IPv6 is coming and most security vendors are not prepared. Most have spent so much time preparing to be “cloud-ready” or building virtual appliances, that they’ve had their head in the sand about IPv6. Who can blame them? Most of us have avoided even thinking of the eventual shift off IPv4. This creates problems in our environments, as our legacy security applications and products could become obsolete with a move to IPv6 support. IPv6 creates three problems for security vendors.
The first problem is basic networking. How does a security vendor’s appliance work on an IPv6 network? This is fairly straightforward. Most security appliances run on Windows, Linux, BSD, or Unix, and these operating systems all have an IPv6 stack. As vendors begin porting their user interfaces and setting up scripts to allow for IPv6 addresses, and the logic to determine incorrect subnets and gateways, this will be their first step into IPv6. As these vendors jump over this hurdle, they will begin marketing and selling their “IPv6 Security” offering. This, however, doesn’t really protect consumers as they move to a fully integrated IPv6 network. The second problem is executing software with IPv6 traffic.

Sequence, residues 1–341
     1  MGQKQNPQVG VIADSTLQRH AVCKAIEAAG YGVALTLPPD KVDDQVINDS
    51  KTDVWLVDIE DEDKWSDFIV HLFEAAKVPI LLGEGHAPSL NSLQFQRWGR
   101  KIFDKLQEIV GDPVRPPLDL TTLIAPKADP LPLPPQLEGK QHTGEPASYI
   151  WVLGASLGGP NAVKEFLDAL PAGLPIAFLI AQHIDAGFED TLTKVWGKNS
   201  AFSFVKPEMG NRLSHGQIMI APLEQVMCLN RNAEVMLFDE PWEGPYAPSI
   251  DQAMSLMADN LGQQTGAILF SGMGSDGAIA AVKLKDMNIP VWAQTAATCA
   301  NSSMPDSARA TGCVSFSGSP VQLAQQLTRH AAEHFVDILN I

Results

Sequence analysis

Vulnerability scanners will change fundamentally, and the days of scanning a /24 or a /23 are over. With IPv6, along with routing and switching enhancements, enterprises will begin using larger and larger broadcast domains. Trying to scan millions of IP addresses and detect nearly a hundred thousand vulnerabilities is not practical, just as trying to detect IDS/IPS threats and blocking websites by using IPs is no longer practical with IPv6. Vendors will need to rethink how their technology executes and how it interoperates with IPv6. Some vendors are working that way, but they are far behind the enterprise in adoption of IPv6. This is scary for many companies, as this cost to begin inspecting and securing IPv6 will be passed down to consumers in new hardware, virtual appliances, support costs and other expenses.
The third problem security vendors will face is protecting against IPv6 threats. While it may be easy to retrofit existing code to protect against older attacks what about the new attacks? The entire industry slowed the pace of IPv6 adoption, because the entire concept is difficult and complex. It’s not easy to conceive the negative impacts of jumbograms, stateless address autoconfiguration, and beable to move networks without renumbering. How will these concepts be used to tunnel around proxies, avoid data loss prevention technologies, slip through IDS, and other security controls vendors are selling? The truth is, they don’t know. It’s a scary time for most vendors, and the longer they prolong understanding these concepts, the more exposed consumers will be. So if we are at the mercy of the vendors, what can we do?
Simple. We push them forward. Ask your vendors questions. Some good ones to ask include:
- What are they doing to prepare for IPv6?
- How are they prepared to protect IPv6 native networks?
- Will IPv6 support impact the delivery of their software and services?
If we keep asking these questions, they will have no choice but to prepare for the impending migration.